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“The Future Remains Now!”

Last week the General Services Administration (GSA) announced its Demand Based Model for the Federal Supply Schedules (FSS) program.   Under the Demand Based Model GSA will close some schedules for new offers ending continuous open seasons for those schedules or for certain SINs within a schedule.  GSA’s goal is to balance the number of schedule contracts with the government demand for the products and/or services on those contracts.  GSA’s goal of balancing schedule workload to demand makes sense.  However, the Coalition is very concerned that closing schedules to new offers sends the wrong message regarding competition and access to the commercial marketplace.  Continuous open seasons are one of the central procurement policy pillars of the schedules program, reflecting the government’s faith in the commercial marketplace to provide the services and products that make a difference for customer agencies and the taxpayer.  Continuous open seasons are also vital to small business concerns seeking to sell to the federal government.  Twenty years ago, there were no continuous open seasons for schedule solicitations.  At that time the FSS program was criticized as uncompetitive and static in the products, services and pricing offered to the government.  The concern is that moving towards closing certain schedules to offers sends the wrong message to customer agencies and contractors regarding competition and access to the commercial market.

GSA already has a rarely used clause in its Schedule contract to address the balance between workload and demand.  FSS Clause I-FSS-639 CONTRACT SALES CRITERIA (MAR 2002), provides that the Government may cancel a contract if sales under the contract do not exceed $25,000 within the first 24 months following contract award, and/or do not exceed $25,000 in sales each 12 month period thereafter.  So the tool is already in the toolbox for balancing workload to demand— a tool that historically GSA has chosen not to use.  In our view it makes more sense to address FSS contracts with low or no sales than close a market to commercial firms wanting to take their shot at competing for government requirements.  Such an approach is consistent with the statutory mandate of the FSS program that it be open to all commercial sources.  Closing schedules or throwing more personnel resources at the FSS program are not the long term answer to improving the efficiency or effectiveness of the FSS program.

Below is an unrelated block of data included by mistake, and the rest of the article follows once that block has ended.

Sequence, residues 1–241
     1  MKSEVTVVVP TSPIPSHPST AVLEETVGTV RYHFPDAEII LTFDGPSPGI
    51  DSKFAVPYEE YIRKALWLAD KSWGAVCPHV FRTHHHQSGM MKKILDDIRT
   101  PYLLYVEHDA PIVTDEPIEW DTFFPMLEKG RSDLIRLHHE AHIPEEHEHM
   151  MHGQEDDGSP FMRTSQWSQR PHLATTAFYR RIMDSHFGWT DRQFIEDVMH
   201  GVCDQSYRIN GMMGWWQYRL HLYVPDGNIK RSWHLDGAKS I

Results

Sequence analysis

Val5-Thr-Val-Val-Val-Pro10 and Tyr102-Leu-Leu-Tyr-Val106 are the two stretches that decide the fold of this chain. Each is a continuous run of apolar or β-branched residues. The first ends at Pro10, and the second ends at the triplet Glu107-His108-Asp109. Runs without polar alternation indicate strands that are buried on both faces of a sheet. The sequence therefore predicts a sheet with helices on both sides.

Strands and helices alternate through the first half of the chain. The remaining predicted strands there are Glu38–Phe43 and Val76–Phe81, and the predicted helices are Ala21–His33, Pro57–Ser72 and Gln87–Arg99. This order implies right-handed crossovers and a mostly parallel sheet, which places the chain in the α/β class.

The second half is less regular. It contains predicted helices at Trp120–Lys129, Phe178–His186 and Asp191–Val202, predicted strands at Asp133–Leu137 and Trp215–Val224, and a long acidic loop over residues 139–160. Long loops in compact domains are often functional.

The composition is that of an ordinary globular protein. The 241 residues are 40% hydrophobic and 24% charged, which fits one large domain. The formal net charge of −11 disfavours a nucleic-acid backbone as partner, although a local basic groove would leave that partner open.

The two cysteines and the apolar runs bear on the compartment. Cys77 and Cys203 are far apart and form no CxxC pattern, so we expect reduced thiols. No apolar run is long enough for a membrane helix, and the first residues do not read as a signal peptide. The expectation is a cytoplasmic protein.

Fundamentally, as last week’s Comment highlighted, structural reforms to the FSS contracts, solicitations and pricing policies, coupled with continued investments in e-systems, are the keys to increasing the long term efficiency and effectiveness of the FSS program.

  • Addressing “Other Direct Costs” (ODCs) on FSS service contracts will increase the productivity and access to total commercial service solutions for customer agencies.  It also will reduce contract duplication across government and within the service schedules.  Most importantly, it will enhance competition for customer agencies and opportunities for the private sector thereby increasing use/demand for services via the FSS program.   Importantly, the policy infrastructure for ODCs on schedule is already in place through the FAR commercial item clause 52.212-4.
  • Reducing the number of solicitations and actively promoting and implementing a comprehensive option for consolidating contracts has the potential to dramatically reduce schedule contract duplication and workload for GSA and its contractors.  Contractors should be provided an efficient and effective option to consolidate their contracts if they so choose.  Some companies may want to maintain multiple contracts, but many, especially in the services arena, would love to consolidate their multiple contracts into a single schedule contract.  It saves time and money for all parties while enhancing the government’s ability to conduct more effective market research and the contractor’s ability to market and compete.
  • Reforming the pricing policies to reflect current commercial practices and acknowledging the statutory and regulatory competition requirements at the order level will increase the efficiency and effectiveness of the FSS program.  Services account for over 60 percent of schedule orders.  Pricing is now driven at the order level.  The new FAR 8.4 includes robust competition requirements.  The Defense Federal Acquisition Regulation Supplement instructs contracting officers to seek price reductions for any size order.  Given the new statutory and regulatory requirements for competition at the order level, combined with the growth in services, the time for fundamental reform of the pricing policies is now.
  • Making strategic investments in GSA’s e-systems, particularly the e-systems supporting the FSS program, can reduce workload, streamline the acquisition process and enhance competition.  GSA should bring together customer agencies and contractors in a single strategic forum to map out the future e-systems for the schedules program.  What is working?  What can be improved?  What can be eliminated?  A joint Myth-Busters dialogue with customers and contractors is vital to the future development and maintenance of efficient and effective e-systems for the FSS program.

Implementation of the Demand Based Model should not divert GSA’s attention from addressing ODCs, reducing the number of solicitations and consolidating contracts, reforming pricing policies, and strategically investing in e-systems.

The Coalition looks forward to working with GSA on these four key areas.

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